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April 04, 2009

 

DeRuyter middle school teacher named best in state

Award qualifies social studies teacher for consideration as top teacher in the nation

TeacherJoe McIntyre/staff photographer
Social studies teacher Shannon Forrest teaches seventh-grade students Wednesday at DeRuyter Central School.

By SCOTT CONROE
Staff Reporter
sconroe@cortlandstandard.net

DeRUYTER — The news that DeRuyter social studies teacher Shannon Mowers Forrest received a statewide teaching award was not surprising to those who knew her as a DeRuyter student.
Forrest was honored Friday as the state’s outstanding middle school social studies teacher at the New York State Council for the Social Studies annual convention in Saratoga Springs.
She qualified for the competition by being named last year as outstanding middle school social studies teacher in Central New York. She now qualifies to be considered for the award as top teacher in the nation, to be named in November.
“As a student here, Shannon was somebody who really threw her heart and soul into anything she did,” said Doug Pelton, a DeRuyter high school social studies teacher who nominated Forrest for the Central New York award. “She was a little shy but willing to step up and try things. I had no doubt she was going to be an outstanding teacher.”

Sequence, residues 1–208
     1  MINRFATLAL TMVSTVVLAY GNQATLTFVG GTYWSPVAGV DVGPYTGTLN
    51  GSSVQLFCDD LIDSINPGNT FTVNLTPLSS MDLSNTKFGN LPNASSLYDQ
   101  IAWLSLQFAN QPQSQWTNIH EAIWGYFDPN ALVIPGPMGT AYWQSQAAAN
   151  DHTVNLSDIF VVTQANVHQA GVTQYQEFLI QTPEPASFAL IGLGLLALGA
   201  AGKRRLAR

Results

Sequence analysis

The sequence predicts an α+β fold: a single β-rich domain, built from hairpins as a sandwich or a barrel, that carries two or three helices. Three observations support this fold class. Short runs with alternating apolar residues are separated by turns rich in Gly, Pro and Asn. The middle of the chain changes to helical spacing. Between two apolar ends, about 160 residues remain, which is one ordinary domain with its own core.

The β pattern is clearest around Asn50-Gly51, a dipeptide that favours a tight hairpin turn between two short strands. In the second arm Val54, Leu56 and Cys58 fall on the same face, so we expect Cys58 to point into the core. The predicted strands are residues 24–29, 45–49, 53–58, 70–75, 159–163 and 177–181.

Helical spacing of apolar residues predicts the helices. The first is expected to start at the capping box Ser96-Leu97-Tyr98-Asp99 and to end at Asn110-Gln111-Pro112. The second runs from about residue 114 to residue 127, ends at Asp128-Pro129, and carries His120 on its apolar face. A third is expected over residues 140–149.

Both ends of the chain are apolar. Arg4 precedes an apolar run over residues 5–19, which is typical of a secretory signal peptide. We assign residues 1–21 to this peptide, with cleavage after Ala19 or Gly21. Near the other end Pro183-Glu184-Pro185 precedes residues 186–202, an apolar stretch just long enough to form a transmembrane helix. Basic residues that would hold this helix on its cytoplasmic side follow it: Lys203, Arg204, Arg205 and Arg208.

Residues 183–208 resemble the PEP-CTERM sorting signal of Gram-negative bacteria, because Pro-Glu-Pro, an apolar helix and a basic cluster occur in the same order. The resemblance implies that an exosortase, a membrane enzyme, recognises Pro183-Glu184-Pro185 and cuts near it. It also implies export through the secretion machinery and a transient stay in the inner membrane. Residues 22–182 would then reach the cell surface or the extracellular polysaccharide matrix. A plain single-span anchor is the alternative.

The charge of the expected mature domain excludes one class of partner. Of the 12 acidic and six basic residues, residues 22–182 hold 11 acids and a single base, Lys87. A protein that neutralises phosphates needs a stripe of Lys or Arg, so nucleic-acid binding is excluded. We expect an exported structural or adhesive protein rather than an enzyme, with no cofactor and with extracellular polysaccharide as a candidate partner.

Forrest has taught at DeRuyter for four years, after teaching in Groton schools for six years.
She said she enjoyed teaching in Groton but the drive was an hour each way from her home in South Otselic. The driving grew to be more of a burden once she and her husband, Steve Forrest, had two children.
“My middle school teacher, Tom Gray, retired and I got his job,” she said.
Forrest graduated from DeRuyter in 1995 and from SUNY Cortland with a bachelor’s degree in secondary social studies in 1999. She received a master’s degree in literacy from SUNY Cortland in 2003.
“My goal was always to come back here to teach,” she said.
Forrest grew up in Lincklaen, in Chenango County, as the youngest of five children. Her parents are Lynn and Kathleen Mowers.
“I helped Shannon get the Groton job because I thought she would be a good role model,” Pelton said. “She can always figure out how to reach individual students. Kids come to school with all kinds of baggage now, and she makes them comfortable and safe first, then they can learn. She can be tough, she holds them to standards, but she makes it all right for them to try. If they fail at something, she is there to pick them up.”
Forrest said she always loved American history best.
“I guess I just try to make school fun,” she said. “I love middle schoolers. I love making the subject matter to them.”
Besides Pelton’s nominating her, Forrest had to submit lesson plans to the state council, along with letters of support from students. She said one key letter was written by current sophomore Alan Cizenski.
“I am surprised by this award,” she said. “It’s good to show that good things can happen in a small town.”

 

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